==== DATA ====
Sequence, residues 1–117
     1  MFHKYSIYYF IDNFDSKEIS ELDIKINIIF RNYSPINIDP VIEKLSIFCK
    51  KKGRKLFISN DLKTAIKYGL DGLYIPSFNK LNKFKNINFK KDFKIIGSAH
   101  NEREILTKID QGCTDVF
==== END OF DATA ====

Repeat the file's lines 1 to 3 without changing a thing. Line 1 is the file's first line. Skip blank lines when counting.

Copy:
Sequence, residues 1–117
     1  MFHKYSIYYF IDNFDSKEIS ELDIKINIIF RNYSPINIDP VIEKLSIFCK
    51  KKGRKLFISN DLKTAIKYGL DGLYIPSFNK LNKFKNINFK KDFKIIGSAH